While we appreciated the little thumb touch-cursor control better than Sony's when using the browser, it was still quite difficult to control. The lack of backlighting on the QWERTY side was a major flaw--it was simply impossible to use the remote in the dark--and all told we actually liked using our Android phone as a remote best of all (see the "Streaming and apps" section below).
Samsung's 2011 TV menus have been refreshed and also feel a bit snappier than before. The main column of adjustments, formerly transparent, is now bright opaque blue on the D6400, with rounded edges and good-sized text. Each major menu item gets a text explanation and many are accompanied by helpful little illustrations.
|Key TV features|
|Display technology||LCD||LED backlight||Edge-lit with local dimming|
|3D technology||Active||3D glasses included||No|
|Screen finish||Glossy||Internet connection||Built-in Wi-Fi|
|Refresh rate(s)||240Hz||Dejudder (smooth) processing||Yes|
|Other: Optional 3D glasses include SSG-3100GB (nonrechargeable, $50), SSG-3300CR (compact, rechargeable, $130), SSG-3300GR (rechargeable, $130), SSG-3700CR (rechargeable, ultralight, $150); optional Skype camera/speakerphone (STC1100, $170); supports USB hard drives|
From Samsung's perspective, the main step-up feature that differentiates the UND8000 series from the UND7000 models is local dimming from its edge-lit LED backlight. Samsung calls it "micro dimming" this year, and says it uses more zones than on the UNC8000 from 2010--not divulging how many--and touts a new light dispersal plate said to improve picture uniformity. It doesn't work very well as far as we can tell, however.
As we mentioned above, Samsung no longer offers free 3D glasses with this TV. Retailers may offer promotions at their discretion, but since Samsung doesn't pack the glasses in with the TV, you'll have to check with the retailer first.
The UND8000 series is incompatible with 2010 glasses models. Bluetooth does make the new glasses easier to use, and they keep sync much better than the old infrared versions.
We applaud the inclusion of built-in Wi-Fi with this Samsung, saving the cost and hassle of the $80 dongle.
|Streaming and apps|
|Amazon Instant||No||Hulu Plus||Yes|
|Other: Blockbuster, CinemaNow, Vimeo, MLB TV, ESPN Score Center, Napster, Picasa, Google Maps, Google Talk, numerous games, children's storybooks, exercise guides, other|
Unlike the UND6400, the UND8000 does include two separate application and widget interfaces: the main Samsung Apps Smart Hub and, yes, Yahoo Widgets. The latter is currently restricted to just five choices (Yahoo Weather, Finance, News, Flickr, and Twitter), although the new "Yahoo Hot Apps" label on the remote gives us the impression more will be forthcoming. We wonder whether Amazon Instant Video, currently missing from both Yahoo and Smart Hub, will be made available soon.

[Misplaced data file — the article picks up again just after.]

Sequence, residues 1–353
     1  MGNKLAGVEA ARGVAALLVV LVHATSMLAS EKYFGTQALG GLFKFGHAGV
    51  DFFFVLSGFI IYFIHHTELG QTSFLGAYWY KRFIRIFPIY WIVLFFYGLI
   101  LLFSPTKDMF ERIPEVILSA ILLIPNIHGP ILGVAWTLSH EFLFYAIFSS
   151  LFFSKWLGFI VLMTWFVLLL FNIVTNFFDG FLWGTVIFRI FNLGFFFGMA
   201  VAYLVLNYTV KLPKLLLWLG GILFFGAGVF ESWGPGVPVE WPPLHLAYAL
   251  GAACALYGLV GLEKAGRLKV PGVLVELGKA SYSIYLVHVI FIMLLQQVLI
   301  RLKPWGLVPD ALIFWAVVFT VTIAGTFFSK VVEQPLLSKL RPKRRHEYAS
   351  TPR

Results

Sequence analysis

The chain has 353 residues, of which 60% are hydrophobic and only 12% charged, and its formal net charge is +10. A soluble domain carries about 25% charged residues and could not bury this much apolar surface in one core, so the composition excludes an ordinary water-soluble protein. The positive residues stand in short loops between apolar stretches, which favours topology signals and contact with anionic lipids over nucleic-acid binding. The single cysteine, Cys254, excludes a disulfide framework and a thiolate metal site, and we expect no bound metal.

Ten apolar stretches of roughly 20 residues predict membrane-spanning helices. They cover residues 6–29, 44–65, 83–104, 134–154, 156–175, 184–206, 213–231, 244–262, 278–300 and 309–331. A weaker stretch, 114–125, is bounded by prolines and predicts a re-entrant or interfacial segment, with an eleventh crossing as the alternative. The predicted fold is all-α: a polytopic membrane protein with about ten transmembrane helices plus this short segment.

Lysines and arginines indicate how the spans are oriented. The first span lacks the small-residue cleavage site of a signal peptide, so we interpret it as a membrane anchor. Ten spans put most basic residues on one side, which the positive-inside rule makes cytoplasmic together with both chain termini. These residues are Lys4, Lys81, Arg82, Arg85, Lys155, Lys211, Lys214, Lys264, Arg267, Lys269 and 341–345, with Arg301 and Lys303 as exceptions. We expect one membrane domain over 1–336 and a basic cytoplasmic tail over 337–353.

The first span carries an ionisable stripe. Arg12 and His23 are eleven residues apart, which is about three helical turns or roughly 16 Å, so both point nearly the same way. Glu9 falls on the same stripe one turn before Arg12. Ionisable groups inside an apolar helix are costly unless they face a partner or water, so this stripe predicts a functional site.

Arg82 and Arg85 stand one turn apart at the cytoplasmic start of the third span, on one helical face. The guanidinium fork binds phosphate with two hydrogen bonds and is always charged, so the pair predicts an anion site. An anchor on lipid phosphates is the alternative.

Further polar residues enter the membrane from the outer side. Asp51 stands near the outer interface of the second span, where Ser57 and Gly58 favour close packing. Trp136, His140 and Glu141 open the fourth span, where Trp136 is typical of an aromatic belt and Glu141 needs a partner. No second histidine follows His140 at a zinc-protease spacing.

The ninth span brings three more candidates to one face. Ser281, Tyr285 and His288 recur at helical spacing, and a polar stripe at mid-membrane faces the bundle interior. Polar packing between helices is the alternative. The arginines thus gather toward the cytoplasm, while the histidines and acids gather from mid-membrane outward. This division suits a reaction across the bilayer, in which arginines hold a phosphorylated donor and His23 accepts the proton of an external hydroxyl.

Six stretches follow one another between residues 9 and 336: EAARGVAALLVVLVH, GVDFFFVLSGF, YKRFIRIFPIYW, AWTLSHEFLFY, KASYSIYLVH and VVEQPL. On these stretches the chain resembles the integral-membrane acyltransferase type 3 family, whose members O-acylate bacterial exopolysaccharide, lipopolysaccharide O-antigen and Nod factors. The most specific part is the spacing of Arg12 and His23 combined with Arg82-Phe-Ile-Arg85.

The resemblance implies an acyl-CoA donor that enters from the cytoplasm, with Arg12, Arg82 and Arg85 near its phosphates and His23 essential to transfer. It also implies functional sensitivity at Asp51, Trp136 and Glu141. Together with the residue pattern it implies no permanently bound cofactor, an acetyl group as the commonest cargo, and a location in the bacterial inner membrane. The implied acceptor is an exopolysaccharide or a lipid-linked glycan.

Smart Hub is basically the same as we described on the UND6400 and on, so check out those write-ups for details. We found its interface crowded and the Search and Your Video functions, while ambitious, disappointing since neither integrated with apps like Netflix and Hulu Plus.
Samsung throws in a Web browser on higher-end models like the UND8000. It's superior to the browser in Sony's EX720 or the PlayStation 3, but not as good as Google TV's. It's fine for light use and viewing most Web pages, although complex ones (Gmail) and videos caused it to slow down, lose functionality, or crash. We tried loading Hulu.com, for example, and it simply didn't work, but reading a review on CNET was easy enough...although the video played only sound. The little pointer on the remote was a pain to use but better than tabbing around, while response times and load times were slow in general.
Samsung's remote app on our Android phone worked quite well, with excellent response times and most of the functionality we wanted. We liked the easy access to apps and the ability to input text searches using the Swype keyboard, but its best feature is changing context according to what you're doing--hitting the Smart tab, for example, brought up a simplified interface that we actually preferred to Smart Hub on the TV. Sure, you have to look at the touch screen, as opposed to feeling your way with the remote buttons, but we still liked using it better than using the QWERTY remote included with the TV.
New apps launched in the last couple weeks include Events (a ZIP-code-based local events search) and the games Dream Day Wedding, Fishing Star, Happy Fruits, and Pac-Man (the last three at $4.99 each). We also noticed an Internet radio app called vTuner.
|Adjustable picture modes||4||Fine dejudder control||Yes|
|Color temperature presets||4||Fine color temperature control||10 points|
|Gamma presets||7||Color management system||Yes|
As usual Samsung provides one of the best suites of picture adjustments for both 2D and 3D sources, delivering extras like adjustable custom dejudder, a 10-point grayscale, and color management that many TVs lack. Three local dimming (Smart LED) settings are available on the UND8000, and there's a Cinema Black setting that automatically dims the letterbox bar portion of 2.35:1 movies.